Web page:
What I’ve Learned by Reviewing Books

I noticed something the other day. For all of my book reviews, I’ll give a capsule rating with scores ranging from 0-5. I put a pretty good bit of time into each one, flipping back through my notes, looking over the dog-eared pages, tracking down links online, etc. When I first start writing the review, I’ll go ahead and write the draft title in the usual format: Title (review: rating). What I’ve found is about ¾ of the time, my rating for the book will creep upwards as I write my review for it.
I read this good advice about learning the other day: “If you don’t understand something, try to explain it out loud, then listen to yourself.” It’s a challenge to look over a book try to sniff out the big ideas, highlight what is interesting, and articulate what I learned—and to figure out how to share that without rambling on for 5,000 words (which isn’t bad, but this blog is the wrong context). It brings to mind that old quip: “Learn to pause… or nothing worthwhile will catch up with you.”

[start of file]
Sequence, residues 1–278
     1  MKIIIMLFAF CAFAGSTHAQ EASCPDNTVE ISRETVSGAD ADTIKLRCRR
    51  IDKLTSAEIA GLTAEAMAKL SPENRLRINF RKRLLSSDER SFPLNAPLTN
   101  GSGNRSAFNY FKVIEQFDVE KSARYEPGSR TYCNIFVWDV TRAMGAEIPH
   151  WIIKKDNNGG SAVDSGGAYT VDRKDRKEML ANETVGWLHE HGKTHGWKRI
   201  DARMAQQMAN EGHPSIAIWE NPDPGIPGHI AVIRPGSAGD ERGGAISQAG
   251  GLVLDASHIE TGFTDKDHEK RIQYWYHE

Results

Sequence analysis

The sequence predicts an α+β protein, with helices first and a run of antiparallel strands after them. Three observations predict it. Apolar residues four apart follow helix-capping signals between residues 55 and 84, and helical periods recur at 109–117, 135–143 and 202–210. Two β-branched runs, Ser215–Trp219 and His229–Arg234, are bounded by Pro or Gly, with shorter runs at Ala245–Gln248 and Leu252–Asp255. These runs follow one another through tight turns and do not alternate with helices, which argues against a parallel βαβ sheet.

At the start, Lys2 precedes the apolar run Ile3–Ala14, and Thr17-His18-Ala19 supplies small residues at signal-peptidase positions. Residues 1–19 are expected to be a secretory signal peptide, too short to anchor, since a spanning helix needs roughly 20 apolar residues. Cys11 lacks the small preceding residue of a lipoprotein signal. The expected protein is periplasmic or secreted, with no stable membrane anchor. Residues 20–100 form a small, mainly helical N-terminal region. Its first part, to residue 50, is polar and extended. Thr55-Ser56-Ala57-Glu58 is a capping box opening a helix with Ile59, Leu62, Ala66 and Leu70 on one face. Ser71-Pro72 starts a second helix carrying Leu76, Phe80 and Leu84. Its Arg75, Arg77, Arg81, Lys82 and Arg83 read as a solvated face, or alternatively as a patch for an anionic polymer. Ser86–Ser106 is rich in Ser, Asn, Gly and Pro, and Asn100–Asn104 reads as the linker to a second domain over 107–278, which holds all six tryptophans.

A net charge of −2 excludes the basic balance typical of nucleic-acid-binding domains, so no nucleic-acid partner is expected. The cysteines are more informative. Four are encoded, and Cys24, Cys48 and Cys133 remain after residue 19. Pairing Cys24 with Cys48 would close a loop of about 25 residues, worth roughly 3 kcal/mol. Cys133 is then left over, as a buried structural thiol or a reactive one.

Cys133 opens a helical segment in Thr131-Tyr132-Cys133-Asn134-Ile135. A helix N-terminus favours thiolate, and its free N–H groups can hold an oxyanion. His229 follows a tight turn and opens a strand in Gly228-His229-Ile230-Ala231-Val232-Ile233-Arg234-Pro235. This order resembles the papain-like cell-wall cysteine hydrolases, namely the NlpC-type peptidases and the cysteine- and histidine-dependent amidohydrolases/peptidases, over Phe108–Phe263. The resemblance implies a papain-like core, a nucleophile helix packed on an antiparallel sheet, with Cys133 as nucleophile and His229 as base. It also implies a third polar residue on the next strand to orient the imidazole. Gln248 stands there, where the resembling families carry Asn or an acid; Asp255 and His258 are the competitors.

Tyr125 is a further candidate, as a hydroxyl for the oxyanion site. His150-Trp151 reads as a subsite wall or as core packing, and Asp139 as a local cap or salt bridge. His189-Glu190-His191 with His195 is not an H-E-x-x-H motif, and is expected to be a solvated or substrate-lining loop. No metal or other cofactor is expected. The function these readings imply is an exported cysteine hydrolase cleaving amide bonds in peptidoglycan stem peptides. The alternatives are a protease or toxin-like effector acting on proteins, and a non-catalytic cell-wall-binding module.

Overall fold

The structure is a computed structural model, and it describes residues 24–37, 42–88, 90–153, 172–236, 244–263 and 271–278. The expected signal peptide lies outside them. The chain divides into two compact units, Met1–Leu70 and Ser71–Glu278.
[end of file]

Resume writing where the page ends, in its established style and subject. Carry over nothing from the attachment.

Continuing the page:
There’s something about the process of looking over the book again and taking a while to reflect on everything, letting ideas and impressions gel together, that increases my evaluation of it. It’s no accident that “appraise” (to evaluate) and “appreciate” (to recognize quality) share the same etymological roots. It takes some time, but the result is worth it: I think more highly of what I understand more clearly.